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culture // subculture // pop culture // youth culture if you're interested in writing for us, email shaneblogblog@gmail.com - it's open to everyone and anyone, a platform for the youth to express whatever's on their minds // follow us on twitter @colttblog




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colttblog's Posts

Sep 14 2014 11:58 am

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Sunday Playlist-14/9/14

New Releases:

·      Cosmic Vibrations // Foxygen

·      Happy Idiot // TV on the Radio

·      Lily For Your Pad to Rest On // Superfood

·      Want Your Feeling // Jessie Ware

·      Put Your Number in My Phone // Ariel Pink’s Haunted Grafitti

Coltt Classics:

·      Anthems for a Seventeen Year Old Girl // Broken Social Scene

·      Hello, I Love You // Adore Delano

·      Contact // Bridgitte Bardot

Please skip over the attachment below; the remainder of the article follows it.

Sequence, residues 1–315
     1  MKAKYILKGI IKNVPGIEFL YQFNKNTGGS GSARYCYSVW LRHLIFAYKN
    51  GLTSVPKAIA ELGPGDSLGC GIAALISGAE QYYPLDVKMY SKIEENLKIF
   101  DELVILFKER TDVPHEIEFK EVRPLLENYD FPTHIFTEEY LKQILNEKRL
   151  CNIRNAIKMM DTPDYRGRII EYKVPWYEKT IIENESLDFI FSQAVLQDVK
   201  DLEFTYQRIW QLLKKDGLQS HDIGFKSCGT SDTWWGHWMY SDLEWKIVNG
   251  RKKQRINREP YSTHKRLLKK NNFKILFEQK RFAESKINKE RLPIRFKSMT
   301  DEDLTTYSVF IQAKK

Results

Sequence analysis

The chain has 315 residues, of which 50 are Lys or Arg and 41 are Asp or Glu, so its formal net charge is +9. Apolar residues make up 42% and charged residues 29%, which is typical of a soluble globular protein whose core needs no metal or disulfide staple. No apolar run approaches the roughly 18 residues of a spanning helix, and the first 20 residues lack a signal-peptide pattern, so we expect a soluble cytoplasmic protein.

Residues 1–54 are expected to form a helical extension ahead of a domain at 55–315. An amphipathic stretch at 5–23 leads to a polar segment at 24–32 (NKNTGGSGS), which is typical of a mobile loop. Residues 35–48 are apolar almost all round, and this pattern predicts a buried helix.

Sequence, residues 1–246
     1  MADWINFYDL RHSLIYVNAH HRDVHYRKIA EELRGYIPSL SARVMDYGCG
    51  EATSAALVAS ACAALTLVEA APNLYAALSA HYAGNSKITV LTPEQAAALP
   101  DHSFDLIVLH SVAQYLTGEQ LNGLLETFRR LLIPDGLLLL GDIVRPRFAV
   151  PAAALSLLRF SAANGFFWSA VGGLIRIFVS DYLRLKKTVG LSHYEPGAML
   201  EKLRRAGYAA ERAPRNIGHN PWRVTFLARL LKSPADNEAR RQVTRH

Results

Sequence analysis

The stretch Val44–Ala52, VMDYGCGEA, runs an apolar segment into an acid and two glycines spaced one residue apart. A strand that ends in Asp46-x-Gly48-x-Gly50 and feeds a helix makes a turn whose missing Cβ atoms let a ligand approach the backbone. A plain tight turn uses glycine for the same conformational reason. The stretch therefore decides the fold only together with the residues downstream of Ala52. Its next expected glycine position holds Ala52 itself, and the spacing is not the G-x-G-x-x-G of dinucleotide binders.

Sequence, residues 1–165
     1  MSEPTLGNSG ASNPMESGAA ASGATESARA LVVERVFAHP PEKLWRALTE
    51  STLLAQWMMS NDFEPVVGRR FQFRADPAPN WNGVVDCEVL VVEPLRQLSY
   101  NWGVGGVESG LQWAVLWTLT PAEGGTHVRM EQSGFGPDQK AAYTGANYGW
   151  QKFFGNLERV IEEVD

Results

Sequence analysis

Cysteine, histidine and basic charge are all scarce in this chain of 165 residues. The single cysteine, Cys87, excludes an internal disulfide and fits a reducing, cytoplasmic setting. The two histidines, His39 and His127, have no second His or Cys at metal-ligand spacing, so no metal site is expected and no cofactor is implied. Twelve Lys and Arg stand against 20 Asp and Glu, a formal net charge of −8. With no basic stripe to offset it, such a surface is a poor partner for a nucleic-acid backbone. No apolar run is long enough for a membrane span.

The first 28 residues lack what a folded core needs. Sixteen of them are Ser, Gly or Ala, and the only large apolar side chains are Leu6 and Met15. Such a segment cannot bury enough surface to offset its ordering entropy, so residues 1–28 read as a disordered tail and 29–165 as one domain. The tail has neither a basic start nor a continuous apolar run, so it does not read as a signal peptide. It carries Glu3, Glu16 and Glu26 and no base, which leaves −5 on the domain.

·      So Fresh, So Clean // Outkast

·      To Be Alone With You // Sufijan Stevens

Song of the Week:

·      Lost In The Girl // Kwamie Liv

 

Sep 11 2014 11:39 am

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Paris is Burning

When one sits down to watch a documentary about drag queens in late 80s New York, one expects at most a bit of whimsy or wit to brighten up the daily grind. So, I found myself shocked to be more profoundly affected by Paris Is Burning than any other film I’d ever seen.

It swayed far from a fantastical ode to glamour, instead presenting, with a chilling indifference, the gritty reality of life for people who dared to be themselves within this setting. Dozens of drag queens from young to old are filmed speaking on everything from their styles and philosophies to their personal challenges, which were often almost too heartbreaking to think about.